Inform your landlord in writing that you know your rights, the utility
cutoff is illegal and that you want the situation remedied immediately.
Send the letter with proof of mailing and keep a copy.
Call the utility company and try to get the service turned back on. State law requires that PG&E and the SFPUC continue to provide service to master metered, multi-unit, residential buildings when a public health or building officer certifies that the termination would result in a significant threat to the health or safety of the occupants or the public. (CA Public Utilities Code Sections 777.1(e)(5) and 10009.1(e)(5)) Tenants will need to work their way up from the desk staff and contact the PG&E legal department if necessary. Also, contact the San Francisco City Attorney who has successfully invoked this law. The Department of Building Inspection also can order gas and electrical service to continue when the service is about to be discontinued due to nonpayment.
The tenants may need to have the utility account transferred to their names. The law allows a tenant under these circumstances to withhold rent for the cost of the utility service. (CA Civil Code § 1942.2 and Public Utilities Code § 10009.1(d)) A safer route than withholding rent is to file an unlawful rent increase petition with the Rent Board if the tenant is covered by rent control. The utility companies might attempt to have tenants pay the money the landlord owes, but the law says that tenants cannot be forced to pay any past due balance owed by the landlord. (CA Public Utilities Code §§ 777(b), 777.1(a), 10009(b), and 10009.1(a))
In addition to the remedies under Prop M, under California Civil Code Section 789.3, you can sue the landlord
for a court order to turn the service back on, and up to $100 per day, but not less than $250, plus actual damages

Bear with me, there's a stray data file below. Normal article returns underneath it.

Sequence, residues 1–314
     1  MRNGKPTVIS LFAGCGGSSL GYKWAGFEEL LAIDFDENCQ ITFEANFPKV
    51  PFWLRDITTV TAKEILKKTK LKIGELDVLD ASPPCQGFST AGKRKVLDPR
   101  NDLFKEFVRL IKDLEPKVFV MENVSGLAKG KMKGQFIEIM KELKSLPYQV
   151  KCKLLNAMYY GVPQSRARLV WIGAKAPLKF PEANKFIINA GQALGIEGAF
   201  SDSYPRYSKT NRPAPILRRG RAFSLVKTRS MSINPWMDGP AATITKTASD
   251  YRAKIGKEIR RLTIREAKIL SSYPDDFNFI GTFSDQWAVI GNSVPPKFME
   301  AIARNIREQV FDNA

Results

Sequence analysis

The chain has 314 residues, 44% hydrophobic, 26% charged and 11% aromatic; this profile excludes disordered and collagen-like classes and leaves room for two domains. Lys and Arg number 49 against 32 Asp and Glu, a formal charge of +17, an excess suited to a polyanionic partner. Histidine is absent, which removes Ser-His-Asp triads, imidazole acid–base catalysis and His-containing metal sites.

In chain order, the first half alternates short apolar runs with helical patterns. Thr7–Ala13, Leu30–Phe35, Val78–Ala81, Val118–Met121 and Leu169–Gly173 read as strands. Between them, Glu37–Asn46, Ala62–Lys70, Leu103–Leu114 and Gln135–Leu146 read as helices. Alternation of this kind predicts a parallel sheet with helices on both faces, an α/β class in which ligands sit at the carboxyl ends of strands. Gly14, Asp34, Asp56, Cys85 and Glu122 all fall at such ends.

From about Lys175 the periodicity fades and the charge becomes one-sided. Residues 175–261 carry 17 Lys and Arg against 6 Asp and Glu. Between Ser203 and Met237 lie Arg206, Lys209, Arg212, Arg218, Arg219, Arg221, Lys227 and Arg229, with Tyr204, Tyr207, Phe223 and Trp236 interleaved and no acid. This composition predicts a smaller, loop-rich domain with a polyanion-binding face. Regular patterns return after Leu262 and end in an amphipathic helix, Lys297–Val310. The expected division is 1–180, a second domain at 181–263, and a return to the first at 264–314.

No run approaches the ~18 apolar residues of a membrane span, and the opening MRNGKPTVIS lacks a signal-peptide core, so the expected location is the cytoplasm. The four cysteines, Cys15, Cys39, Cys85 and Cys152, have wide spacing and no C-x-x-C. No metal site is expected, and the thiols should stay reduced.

and attorneys fees. You can hire a lawyer to bring suit or file suit
in Small Claims Court.
Criminal charges in addition to those provided by Prop M may be brought under
California Penal Code Sections 591, 593, 593c (felony for obstructing gas pipe), and 624.
Your landlord, or anyone acting for your landlord, cannot
lock you out, change your locks, plug the hole in your lock, remove
any part of your door or windows, remove your property, or in any fashion
try to block your entry to your home if the purpose is to harass or evict you illegally.
Keep a record of all such incidents.
You have a right to regain entry to the premises even if you have
to break in.
Call the police. The landlord is guilty of violating California Penal Code Section 418
and is liable for arrest.
Write a letter to your landlord stating that you are aware of your
rights as a tenant, that s/he is in clear violation of the law, and
that you want the situation remedied with no further harassment. Mail the letter with proof mailing and keep
a copy of the letter; it will be good evidence if you have to take the
landlord to court later.
Sue under Prop M and under California Civil Code Section 789.3 for up to $100 per day, but not less than $250, for damages, plus attorneys
fees. You can hire a lawyer to bring suit or file suit in Small Claims
You can ask the court to keep the landlord from locking you out again.